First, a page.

Gear wrap up: My fashion choice was inspired by function with the one exception of double layering my shirts with the green, long sleeve 2012 Shamrock Run shirt (it was the only green thing I had and I figured with 25 - 30 thousand runners out there it would be a pinch fest extraordinaire without something green on) under the yellow short sleeve shirt with the Soft Star Logo as I was representing them at this event. My shorts were my current favorite Brooks 7" (no green there) and my shoes were my current favorite road shoe, bright red Soft Star RunAmoc Moc 3's.  The garments worked great! Other than having to roll up my sleeves going up the hills I was very comfortable. The Moc 3's are just awesome. There is just not much to them but the bare necessities. They have no support using a 2mm Vibram® sole which translates into great flexibility and ground feel and the soft-perforated-leather upper forms around the contours of your foot like no other shoe. I feel that they help me run with a proper barefoot form more so than any other shoe I've tried and are for serious minimalists when running although they are perfect as a minimalist casual wear as you build up your feet and lower legs during your transition. In my opinion, they are even less shoe than my Vibram KSO's. They're super light at 5 oz., slip off and on and are very compactable for easy carrying for those barefooters that like to go completely bare but bring back-up just in case of worn soles. (on your feet) The Breathe-O-Prene® liner allows me to go sock free as well as blister free. The fit is loose and may feel a bit weird at first but quickly feels normal and has not caused any problems even on steep technical trails. Something else that I have mentioned before, for those Vibram® wearers, this shoe doesn't smell. I've worn mine for over 400 miles and still no stink. Try that with other shoes.....and remember, that's with no socks! Last point; all parts of this shoe are sourced in the U.S. including the Vibram® soles and the leathers are formaldehyde free.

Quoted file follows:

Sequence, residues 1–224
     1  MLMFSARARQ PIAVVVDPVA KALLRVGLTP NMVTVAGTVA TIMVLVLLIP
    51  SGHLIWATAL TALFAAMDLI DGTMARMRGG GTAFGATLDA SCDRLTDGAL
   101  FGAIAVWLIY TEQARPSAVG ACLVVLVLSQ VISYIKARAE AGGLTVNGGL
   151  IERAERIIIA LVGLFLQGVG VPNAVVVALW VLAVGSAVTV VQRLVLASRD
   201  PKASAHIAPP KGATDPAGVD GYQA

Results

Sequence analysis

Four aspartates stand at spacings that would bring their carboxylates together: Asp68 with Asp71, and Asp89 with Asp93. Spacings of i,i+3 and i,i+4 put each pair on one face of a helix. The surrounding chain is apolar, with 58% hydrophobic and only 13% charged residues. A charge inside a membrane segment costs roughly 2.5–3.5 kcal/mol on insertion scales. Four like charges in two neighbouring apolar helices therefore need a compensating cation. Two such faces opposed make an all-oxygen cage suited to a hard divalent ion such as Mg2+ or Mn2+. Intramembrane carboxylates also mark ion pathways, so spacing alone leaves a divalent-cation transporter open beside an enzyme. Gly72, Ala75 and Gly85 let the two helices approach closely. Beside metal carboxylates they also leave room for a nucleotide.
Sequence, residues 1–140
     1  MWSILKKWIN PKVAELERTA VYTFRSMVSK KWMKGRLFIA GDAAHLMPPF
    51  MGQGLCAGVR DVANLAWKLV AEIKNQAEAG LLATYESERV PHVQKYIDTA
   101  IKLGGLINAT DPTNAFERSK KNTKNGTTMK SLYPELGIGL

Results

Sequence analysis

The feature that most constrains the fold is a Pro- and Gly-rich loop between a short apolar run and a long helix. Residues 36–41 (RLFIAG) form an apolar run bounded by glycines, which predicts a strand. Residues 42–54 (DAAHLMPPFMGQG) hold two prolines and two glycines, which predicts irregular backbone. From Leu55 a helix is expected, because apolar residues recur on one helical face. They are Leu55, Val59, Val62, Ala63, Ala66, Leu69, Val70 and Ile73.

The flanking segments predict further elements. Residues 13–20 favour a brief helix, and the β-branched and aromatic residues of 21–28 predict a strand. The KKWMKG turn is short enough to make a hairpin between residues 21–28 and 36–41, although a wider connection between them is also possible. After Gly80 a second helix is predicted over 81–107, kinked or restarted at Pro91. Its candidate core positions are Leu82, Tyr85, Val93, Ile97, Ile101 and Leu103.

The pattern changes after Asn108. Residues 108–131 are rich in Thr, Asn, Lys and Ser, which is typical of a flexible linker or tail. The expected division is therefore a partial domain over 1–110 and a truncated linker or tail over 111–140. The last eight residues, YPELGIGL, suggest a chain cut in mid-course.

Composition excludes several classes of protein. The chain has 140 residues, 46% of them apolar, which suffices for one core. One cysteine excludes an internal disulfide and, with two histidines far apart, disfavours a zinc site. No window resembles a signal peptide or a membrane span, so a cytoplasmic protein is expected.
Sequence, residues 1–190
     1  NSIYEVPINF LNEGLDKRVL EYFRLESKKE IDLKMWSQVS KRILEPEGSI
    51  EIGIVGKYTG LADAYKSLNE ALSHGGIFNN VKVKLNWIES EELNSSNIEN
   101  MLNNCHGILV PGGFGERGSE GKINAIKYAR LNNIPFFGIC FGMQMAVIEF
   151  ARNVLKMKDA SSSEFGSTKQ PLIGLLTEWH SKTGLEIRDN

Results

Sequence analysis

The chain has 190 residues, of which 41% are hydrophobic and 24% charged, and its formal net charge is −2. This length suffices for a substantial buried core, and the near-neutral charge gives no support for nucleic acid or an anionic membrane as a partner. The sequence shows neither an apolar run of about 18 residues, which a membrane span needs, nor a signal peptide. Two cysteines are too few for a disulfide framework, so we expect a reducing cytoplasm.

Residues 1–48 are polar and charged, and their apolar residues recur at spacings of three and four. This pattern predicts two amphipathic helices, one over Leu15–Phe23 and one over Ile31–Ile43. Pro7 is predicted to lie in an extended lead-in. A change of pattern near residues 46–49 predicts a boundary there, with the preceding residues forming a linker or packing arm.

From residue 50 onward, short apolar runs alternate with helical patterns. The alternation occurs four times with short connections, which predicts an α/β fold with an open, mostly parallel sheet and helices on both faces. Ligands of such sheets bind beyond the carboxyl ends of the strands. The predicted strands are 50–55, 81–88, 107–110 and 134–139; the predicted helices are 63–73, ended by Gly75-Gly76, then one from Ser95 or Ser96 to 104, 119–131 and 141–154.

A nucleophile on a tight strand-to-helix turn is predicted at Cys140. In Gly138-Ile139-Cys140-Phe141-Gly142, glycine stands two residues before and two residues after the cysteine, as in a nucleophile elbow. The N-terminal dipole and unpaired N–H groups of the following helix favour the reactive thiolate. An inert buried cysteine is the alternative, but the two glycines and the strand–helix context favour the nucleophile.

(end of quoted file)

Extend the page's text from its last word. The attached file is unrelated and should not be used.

Conclusion and post race wrap-up: It all comes down to this, my friends. I chose to suffer by running right at the edge of blowing up for pretty much the whole race and in the end it gave me back a sense of relief that the race was over and no lines to the free post-race snacks, drinks, and very small cup of Stanford's clam chowder. Oh, and they hadn't run out of 15K-finisher's medals yet, so I've got the groovy medal that doubles as a bottle opener...that apparently breaks when people actually use it. Then off I went to run my next 10 miles of the day as this was a 20 mile long run day according to my marathon training was a nice slllllloooooooooooowwwww run and I don't think I broke a zone 2 hear trate the whole ten miles neither.